Proactive Service Delivery: Tips to Get Started
For how long have you been in the field service industry? For a considerably long time I’m assuming.
In that case, you might have a fairly clear idea of where customer expectations are headed. You might even have gone over some of the overwhelming numbers on the level of service expected from providers like you, in the coming years.
If you haven’t already, well, according to a report by the American Express, about 35% of customers believe that companies who provide “excellent customer service” have “earned their business” and about 25% of them were found to place a high value on excellent customer service. For more interesting facts on this, read Is Your Business Ready for the Next Generation of Customer Service?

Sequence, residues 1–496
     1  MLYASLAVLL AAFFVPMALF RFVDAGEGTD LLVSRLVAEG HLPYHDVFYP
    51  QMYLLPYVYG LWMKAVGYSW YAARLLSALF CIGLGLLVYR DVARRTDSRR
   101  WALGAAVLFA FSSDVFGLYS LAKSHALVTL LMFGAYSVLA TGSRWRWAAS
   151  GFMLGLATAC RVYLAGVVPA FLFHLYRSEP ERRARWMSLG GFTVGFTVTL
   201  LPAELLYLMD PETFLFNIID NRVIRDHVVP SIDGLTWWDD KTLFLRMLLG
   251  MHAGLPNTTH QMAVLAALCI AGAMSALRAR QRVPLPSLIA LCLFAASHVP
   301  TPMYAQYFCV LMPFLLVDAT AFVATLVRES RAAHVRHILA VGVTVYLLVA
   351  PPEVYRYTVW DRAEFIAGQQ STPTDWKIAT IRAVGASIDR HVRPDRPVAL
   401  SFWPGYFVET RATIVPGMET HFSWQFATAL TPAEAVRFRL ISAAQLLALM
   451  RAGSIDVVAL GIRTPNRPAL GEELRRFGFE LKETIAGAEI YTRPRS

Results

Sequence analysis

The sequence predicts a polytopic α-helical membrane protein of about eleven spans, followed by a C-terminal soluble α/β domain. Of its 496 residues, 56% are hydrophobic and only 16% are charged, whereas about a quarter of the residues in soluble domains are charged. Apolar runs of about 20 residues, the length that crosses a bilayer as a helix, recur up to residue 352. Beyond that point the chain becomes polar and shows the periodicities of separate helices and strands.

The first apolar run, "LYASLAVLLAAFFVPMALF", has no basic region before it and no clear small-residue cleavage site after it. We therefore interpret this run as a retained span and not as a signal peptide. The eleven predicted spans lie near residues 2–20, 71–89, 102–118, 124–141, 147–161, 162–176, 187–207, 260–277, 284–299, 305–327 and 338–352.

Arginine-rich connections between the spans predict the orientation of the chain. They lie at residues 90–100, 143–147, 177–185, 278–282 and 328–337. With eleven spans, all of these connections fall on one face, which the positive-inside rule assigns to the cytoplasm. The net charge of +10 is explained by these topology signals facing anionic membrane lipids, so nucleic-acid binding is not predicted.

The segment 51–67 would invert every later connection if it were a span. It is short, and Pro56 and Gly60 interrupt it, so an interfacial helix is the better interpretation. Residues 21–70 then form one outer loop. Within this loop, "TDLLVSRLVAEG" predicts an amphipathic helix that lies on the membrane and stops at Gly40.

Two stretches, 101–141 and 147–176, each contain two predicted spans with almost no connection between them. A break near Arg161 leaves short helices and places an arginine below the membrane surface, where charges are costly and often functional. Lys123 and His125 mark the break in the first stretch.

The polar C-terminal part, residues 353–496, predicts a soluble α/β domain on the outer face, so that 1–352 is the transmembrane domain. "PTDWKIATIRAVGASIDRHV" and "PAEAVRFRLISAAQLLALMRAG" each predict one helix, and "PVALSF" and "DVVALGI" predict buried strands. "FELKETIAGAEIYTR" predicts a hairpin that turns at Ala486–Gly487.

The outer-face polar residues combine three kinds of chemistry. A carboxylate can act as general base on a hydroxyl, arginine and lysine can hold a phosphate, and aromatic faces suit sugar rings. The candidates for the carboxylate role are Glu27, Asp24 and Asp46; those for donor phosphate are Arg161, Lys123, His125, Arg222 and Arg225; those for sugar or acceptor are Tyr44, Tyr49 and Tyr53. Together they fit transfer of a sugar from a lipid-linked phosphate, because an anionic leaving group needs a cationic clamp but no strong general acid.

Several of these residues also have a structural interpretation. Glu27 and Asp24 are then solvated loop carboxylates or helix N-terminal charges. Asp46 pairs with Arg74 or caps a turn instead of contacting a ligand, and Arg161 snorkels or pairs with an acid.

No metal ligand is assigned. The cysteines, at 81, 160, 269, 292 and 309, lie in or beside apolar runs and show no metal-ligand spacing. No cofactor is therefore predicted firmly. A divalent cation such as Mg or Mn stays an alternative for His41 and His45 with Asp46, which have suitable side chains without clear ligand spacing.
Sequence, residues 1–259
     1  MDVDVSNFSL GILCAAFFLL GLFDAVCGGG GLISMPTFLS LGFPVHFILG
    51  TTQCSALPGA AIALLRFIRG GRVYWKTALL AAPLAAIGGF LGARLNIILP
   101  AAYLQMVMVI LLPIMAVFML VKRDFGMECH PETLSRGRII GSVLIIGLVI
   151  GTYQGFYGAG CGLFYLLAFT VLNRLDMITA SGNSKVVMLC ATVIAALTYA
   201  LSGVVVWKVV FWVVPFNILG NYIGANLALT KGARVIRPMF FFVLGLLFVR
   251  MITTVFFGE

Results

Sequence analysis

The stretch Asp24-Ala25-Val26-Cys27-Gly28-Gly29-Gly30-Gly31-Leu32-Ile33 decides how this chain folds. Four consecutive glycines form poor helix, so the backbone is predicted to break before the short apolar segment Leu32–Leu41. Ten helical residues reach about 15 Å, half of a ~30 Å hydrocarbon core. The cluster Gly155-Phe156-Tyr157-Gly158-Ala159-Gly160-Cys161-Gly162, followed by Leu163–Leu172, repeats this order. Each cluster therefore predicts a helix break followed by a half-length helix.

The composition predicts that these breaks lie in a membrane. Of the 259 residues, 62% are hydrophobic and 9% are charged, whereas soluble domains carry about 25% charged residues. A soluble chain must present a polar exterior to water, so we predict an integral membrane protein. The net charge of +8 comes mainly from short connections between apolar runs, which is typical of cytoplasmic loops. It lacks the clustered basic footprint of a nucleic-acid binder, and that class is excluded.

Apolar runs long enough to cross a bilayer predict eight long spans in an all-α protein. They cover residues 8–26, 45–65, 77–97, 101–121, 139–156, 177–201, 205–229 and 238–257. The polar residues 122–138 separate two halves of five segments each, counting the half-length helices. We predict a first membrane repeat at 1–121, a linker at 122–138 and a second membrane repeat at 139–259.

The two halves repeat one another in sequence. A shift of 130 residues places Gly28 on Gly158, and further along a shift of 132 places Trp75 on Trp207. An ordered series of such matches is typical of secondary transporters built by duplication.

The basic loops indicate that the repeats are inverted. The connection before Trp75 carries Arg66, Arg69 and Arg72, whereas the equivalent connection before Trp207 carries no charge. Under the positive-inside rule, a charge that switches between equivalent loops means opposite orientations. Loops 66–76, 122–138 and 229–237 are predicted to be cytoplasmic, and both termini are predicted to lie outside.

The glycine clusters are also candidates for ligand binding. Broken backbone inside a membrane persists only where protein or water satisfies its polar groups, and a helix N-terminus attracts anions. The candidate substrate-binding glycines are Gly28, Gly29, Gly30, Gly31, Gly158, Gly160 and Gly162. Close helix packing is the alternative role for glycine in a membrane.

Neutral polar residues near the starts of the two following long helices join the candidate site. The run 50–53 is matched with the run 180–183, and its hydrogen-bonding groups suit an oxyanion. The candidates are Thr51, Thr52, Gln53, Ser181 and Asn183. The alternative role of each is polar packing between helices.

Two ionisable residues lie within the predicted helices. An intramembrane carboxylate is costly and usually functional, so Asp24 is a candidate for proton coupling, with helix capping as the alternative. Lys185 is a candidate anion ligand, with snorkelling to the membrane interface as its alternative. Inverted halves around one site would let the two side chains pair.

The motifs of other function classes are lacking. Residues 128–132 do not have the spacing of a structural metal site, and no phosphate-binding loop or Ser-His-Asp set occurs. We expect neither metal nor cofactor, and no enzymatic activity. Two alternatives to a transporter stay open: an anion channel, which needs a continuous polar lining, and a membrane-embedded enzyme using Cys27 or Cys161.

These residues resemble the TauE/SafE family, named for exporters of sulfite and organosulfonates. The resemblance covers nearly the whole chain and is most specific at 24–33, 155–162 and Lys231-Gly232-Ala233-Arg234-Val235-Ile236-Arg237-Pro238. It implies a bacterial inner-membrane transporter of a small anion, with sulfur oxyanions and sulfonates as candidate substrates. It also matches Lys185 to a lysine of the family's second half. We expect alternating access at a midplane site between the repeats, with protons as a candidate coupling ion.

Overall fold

In our previous blog, we had discussed the importance of being proactive in field service and how much of a positive impact it can have in your business.
So now that you know that it is indeed going to be a matter of survival for you in the near future, here we have some pointers for you to get started on the major shift.
First off, you need to know that it doesn’t have to be an expensive or time-consuming process. You are simply putting your customers first, as the bottom line of your proactive strategy. And we all know, it will be beneficial to your business, without a doubt.
Secondly, you need to make a few changes in your “online presence”.